Trains For America

More choices for better transportation

UPDATEED: CQ Weekly comments on political and economic challents for high speed rail

Mark Stencel has a column in CQ Weekly well worth your read, even if he does start off recounting the poor ratings performance of the NBC TV network bomb of all time “Supertrain.” Come on, Mark, give us a break over here!

He further observes, accurately, the failure of all efforts to improve rail transportation in the United States of America.  Stencel’s political observations are quite on target. To sustain transportation improvements demands long term thinking and cooperation.

Well, it was nice while it lasted.

He makes a point, and this is going to be a long hard fight. Considering a recent GAO report, one wonders how they do it “over there.”

Given the challenges, how do Asian and European countries pay for their high-speed trains? The GAO found that fast rail systems in France, Spain and Japan are generating sufficient passenger revenue to cover ongoing expenses but not the cost of building the systems in the first place — an expense officials in those countries justify for environmental or other societal reasons. “In the countries we visited, the central government generally funds the majority of up-front costs . . . without the expectation that their investment will be recouped through ticket revenues,” the agency’s report said.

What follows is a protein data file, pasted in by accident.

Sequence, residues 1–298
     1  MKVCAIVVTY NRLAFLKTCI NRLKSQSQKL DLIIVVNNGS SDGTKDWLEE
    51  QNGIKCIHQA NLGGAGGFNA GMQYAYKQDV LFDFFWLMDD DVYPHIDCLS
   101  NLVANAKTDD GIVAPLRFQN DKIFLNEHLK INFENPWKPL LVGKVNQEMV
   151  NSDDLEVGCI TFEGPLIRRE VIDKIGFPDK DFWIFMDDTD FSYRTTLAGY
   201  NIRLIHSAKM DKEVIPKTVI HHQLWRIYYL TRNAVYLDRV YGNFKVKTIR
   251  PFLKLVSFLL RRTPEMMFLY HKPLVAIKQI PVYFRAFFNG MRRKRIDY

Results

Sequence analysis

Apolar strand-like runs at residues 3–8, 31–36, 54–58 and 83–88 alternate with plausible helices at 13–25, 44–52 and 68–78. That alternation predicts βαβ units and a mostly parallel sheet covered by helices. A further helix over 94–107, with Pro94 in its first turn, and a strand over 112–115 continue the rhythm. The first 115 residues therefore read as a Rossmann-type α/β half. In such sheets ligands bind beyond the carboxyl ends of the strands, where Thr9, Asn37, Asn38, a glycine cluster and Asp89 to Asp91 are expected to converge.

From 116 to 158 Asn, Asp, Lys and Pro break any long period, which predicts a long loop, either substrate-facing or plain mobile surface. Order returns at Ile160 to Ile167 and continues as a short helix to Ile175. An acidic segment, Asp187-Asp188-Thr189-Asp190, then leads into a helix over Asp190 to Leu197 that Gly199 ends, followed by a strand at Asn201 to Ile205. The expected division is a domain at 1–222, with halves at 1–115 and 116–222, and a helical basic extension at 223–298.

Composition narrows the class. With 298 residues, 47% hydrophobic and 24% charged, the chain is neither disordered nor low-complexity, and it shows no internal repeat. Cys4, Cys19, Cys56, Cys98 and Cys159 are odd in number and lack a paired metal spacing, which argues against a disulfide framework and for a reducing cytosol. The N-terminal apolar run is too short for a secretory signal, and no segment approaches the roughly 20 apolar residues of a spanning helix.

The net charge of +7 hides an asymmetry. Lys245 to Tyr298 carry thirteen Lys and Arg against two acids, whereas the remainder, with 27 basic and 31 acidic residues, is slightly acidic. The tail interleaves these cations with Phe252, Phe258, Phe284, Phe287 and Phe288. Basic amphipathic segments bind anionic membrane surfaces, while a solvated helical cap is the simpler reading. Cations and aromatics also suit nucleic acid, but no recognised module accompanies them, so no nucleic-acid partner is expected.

UPDATE: Mark Stencel is a good guy. He kindly mentioned my post and we have Tweeted. He is on Twitter @markstencel

Filed under: International High Speed Rail, Passenger Rail Politics, Passenger Rail Transportatio Policy, Regional USA Passenger Rail, United States High Speed Rail

One Response

  1. Mark Stencel says:

    Thanks for the kind words, Pat — and the Twitter plug.

    In case anyone here is looking for the March GAO report on which much of my CQ column was based, you’ll find it here…

    http://www.gao.gov/new.items/d09317.pdf

    It’s a good, balanced economic reality check on all aspects of the U.S. high-speed rail discussion, with interesting findings on current proposals, past efforts in this country, and existing projects in France, Japan and Spain. The report helpfully sums up and, to the extend possible, enumerates the fiscal challenges while also acknowledging that there are potential societal benefits that policy makers might well decide justify the investments, even if they are not entirely offset by potential revenue.

    Susan Fleming, GAO’s director of physical infrastructure issues, summarized the report’s findings succinctly in her prepared testimony for an April 1 House Appropriations subcommittee hearing on high-speed rail. “In summary,” she wrote, “high speed rail does not offer a quick or simple solution to relieving congestion on our nation’s highways and airways. High speed rail projects are costly, risky, take years to develop and build, and require substantial up-front public investment as well as potentially long-term operating subsidies. Yet the potential benefits of high speed rail — both to riders and nonriders — are many.”

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